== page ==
Hope this helps!
—Mr. Hersey (second grade teacher, Washington state)
We currently have a 3½-year-old, whom we are planning to send to Montessori pre-K next fall. He turns 4 just before the cutoff for kindergarten. He is also an extremely energetic young man who sometimes struggles with appropriate social/emotional skills, so we’ve worked hard at home on things like being gentle and talking about our feelings rather than hitting, etc., but it’s ongoing work. Here’s the real question: We have the opportunity to travel abroad as a family for a year just after he’s done with his Montessori pre-K. That means we’ll leave the summer he turns 5, be gone for a year, and return just before he turns 6, and he’d start kindergarten after we get back. The plan while we’re gone is to live in four different places, 90 days in each, and to find some kind of school/play group/kindergarten in each place (taught in English) that he can attend at least part time. Is this insane? Is it too much transition for a kid his age? Transitions are a struggle on a micro level, and he is a creature of routine, but he also loves going to new places and doing new things.
Additionally, are we going to be destroying his ability to prepare for kindergarten? If we do go away, how can we help make sure he’s ready? And is there a chance the local school district will insist he go to first grade because he’s 6? (I know you’re not huge fans of redshirting, but it seems like it really makes sense in this case.) We’re looking at this as a great opportunity to learn new things and experience new cultures and parts of the world, but are we going to cause everyone so much stress that it’s not worth it? Basically, I’m looking for a teacher’s blessing to do this really exciting thing (or a reality check if it’s a terrible idea) and also some advice about how to achieve it in the best way possible to make it a great experience and not a recipe for disaster.
—Kindergarten Gap Year?
Dear Gap Year,
This question truly left me stuck for some time. Often, challenging decisions for parents are easier for teachers because we have some emotional distance from the situation and because we have broader experience (you’re raising on average one to three children; I taught 80 in one year at a middle school). But I really grappled with my answer here. I say that so that you know it really is a difficult question. In the end, although I foresee a few bumps in the road, my instincts say to go on this trip. It sounds like a once-in-a-lifetime experience for your entire family, and I think it would be unique and valuable, despite the difficulties.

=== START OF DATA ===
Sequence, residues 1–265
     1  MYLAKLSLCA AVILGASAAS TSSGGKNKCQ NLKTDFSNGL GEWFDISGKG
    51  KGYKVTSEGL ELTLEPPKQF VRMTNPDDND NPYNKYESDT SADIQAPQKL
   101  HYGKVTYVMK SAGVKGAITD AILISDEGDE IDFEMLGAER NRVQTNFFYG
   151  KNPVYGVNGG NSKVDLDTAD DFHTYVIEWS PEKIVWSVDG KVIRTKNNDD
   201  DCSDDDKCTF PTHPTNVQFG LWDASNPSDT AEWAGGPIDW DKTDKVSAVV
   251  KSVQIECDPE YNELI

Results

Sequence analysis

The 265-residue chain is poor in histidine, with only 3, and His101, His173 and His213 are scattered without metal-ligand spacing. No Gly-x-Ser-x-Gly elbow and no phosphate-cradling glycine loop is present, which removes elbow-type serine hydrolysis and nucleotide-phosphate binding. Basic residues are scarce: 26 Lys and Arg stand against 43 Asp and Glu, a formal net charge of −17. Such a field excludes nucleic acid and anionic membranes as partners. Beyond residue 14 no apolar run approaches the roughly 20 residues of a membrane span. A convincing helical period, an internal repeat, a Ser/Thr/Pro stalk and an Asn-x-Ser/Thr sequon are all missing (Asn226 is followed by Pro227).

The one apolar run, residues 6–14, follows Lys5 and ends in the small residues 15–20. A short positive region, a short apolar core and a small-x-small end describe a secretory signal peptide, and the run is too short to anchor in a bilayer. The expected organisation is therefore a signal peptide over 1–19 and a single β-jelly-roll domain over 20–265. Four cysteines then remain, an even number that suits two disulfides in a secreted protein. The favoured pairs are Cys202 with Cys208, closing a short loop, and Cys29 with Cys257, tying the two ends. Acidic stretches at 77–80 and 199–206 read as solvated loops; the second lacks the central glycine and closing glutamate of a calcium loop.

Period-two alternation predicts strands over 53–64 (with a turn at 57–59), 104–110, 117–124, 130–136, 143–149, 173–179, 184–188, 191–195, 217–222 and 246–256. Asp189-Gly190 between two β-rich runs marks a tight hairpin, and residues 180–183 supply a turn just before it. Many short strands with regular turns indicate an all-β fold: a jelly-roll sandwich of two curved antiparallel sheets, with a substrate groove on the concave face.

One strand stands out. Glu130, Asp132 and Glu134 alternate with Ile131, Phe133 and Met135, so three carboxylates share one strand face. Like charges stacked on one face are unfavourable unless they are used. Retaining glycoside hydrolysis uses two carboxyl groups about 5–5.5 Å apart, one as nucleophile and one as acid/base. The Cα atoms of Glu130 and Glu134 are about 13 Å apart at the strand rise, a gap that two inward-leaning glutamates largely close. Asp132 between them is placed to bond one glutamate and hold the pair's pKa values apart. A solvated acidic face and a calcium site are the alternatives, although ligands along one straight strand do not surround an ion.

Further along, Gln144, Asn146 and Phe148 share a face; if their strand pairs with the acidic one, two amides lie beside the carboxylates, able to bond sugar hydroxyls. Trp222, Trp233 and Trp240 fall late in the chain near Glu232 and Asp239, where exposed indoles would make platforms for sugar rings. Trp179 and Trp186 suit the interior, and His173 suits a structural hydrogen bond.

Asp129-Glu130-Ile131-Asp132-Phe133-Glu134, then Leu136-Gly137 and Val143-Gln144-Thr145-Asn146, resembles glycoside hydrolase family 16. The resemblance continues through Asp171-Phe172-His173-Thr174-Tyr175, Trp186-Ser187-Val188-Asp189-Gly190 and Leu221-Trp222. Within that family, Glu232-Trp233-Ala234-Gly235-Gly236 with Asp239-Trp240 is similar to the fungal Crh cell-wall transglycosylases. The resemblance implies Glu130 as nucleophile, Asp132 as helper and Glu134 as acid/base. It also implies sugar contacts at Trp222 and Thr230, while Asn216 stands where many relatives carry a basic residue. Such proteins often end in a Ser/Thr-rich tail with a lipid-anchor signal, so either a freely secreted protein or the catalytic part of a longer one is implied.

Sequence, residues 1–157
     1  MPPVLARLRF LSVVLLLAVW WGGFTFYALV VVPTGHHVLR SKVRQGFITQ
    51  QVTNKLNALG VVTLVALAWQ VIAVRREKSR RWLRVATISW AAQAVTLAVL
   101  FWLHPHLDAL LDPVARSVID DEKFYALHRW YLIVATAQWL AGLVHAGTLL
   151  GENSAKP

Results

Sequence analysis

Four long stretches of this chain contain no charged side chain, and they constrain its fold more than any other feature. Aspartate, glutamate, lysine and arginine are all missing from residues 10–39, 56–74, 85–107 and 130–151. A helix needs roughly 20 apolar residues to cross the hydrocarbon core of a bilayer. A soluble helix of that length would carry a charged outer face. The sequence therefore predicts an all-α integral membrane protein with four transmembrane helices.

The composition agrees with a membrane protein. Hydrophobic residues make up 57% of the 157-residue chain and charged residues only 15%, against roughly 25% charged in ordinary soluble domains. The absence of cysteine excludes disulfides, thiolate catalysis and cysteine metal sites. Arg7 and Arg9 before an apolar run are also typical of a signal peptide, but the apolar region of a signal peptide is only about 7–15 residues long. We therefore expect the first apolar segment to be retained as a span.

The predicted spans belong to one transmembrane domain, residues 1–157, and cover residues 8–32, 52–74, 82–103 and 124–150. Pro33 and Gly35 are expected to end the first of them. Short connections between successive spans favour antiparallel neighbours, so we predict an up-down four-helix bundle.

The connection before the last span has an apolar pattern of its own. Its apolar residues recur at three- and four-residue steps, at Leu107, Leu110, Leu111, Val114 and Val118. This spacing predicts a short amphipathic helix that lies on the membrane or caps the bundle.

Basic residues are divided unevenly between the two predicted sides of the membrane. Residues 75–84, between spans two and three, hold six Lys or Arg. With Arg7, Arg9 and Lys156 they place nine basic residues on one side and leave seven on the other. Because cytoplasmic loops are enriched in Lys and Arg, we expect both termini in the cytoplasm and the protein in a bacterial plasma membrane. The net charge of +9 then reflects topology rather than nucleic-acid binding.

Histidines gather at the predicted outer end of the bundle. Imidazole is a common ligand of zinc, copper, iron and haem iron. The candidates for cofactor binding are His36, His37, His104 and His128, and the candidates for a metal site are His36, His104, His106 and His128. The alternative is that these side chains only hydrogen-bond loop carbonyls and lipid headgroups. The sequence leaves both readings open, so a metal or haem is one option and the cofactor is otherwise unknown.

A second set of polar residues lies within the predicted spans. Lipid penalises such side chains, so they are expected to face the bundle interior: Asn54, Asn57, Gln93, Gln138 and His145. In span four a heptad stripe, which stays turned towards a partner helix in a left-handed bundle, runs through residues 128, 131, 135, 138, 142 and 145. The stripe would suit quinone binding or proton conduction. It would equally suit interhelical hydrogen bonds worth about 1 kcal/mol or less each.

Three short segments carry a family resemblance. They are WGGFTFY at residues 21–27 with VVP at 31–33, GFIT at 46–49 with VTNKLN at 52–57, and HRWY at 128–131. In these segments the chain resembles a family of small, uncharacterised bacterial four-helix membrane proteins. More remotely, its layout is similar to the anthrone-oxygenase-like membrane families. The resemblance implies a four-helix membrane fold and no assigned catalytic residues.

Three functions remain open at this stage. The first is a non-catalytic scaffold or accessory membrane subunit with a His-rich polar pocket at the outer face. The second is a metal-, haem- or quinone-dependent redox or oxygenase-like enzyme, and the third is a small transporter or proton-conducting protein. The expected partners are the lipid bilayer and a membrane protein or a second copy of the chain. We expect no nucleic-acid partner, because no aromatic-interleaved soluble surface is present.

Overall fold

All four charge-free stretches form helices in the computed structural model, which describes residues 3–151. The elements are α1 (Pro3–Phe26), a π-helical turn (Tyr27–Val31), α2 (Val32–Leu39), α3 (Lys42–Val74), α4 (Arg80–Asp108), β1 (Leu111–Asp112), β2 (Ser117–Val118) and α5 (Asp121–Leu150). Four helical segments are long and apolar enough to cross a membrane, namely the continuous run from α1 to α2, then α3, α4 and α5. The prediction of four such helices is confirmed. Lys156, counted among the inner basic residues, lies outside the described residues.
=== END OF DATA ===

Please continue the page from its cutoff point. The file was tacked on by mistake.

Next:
Let’s start with academics. To me, rather than holding him back a year, the ideal solution would be to have him learn all the content from kindergarten while you’re abroad. Three months at your first stop should be a long enough stint to get him registered in kindergarten wherever you’re going. If you can’t enroll him in school while traveling, there are academic resources you can use to help supplement what he’s missing in kindergarten while you’re on your trip. Programs like Lexia, IXL, i-Ready, or Khan Academy are all ones I’ve seen used in classrooms in conjunction with more traditional, in-person instruction to help augment kids’ skills in literacy or mathematics. I often advise parents against home schooling—it’s not as easy as it looks!—but in this particular case, you could also look into home-schooling resources for the year so that your son is on track to start first grade when he returns. Take a look at the Common Core state standards for kindergarten, or whatever equivalent your state uses, and try to see if he can learn those things on the road. Otherwise, there’s no reason you couldn’t advocate for him to start in kindergarten instead of first grade. I can’t promise the school will let you—that’s at the discretion of your school district, and some districts are more restrictive than others—but you can absolutely make the case for your son.
Now let’s talk about routines and transitions. If you do this, I would anticipate some new behaviors. That’s a lot of instability, and all children do better academically and behaviorally/socially when their lives are stable. There are things you can do to ease the transitions. Talk to him about the entire trip before you go, at length, including a list of all the stops, using a map of some kind if possible so he can see where he’s going (visuals are very helpful for kids this age). Get the biggest wall calendar you can reasonably pack, and mark all the travel days. Then each night, have him cross off that day and help him count to see how close he is to the next move.
When you’re in each place, try to keep the same general daily schedule in terms of wake-up and bedtime routines. It might even be helpful to make a visual schedule of his days that includes everything he’ll be doing consistently—brushing teeth, bath time, reading before bed, etc. If your son sees this daily plan, he will be able to prepare himself for the transitions throughout the day, which will make the days easier overall.
I can’t give you exactly what you wanted: an unconditional blessing or a reality check. But I can offer something in the middle: You have my blessing, as a teacher, that you should do this thing, but the reality is that in order to make this thing a positive experience for your son, you will need to do a lot of work for him. Do I think the work is a reasonable price to pay? Yes. Do I think it will be easy? No, but it will be worth it, and it will enrich your son’s life.
—Ms. Sarnell (preschool special education teacher, New York)
More Advice From Slate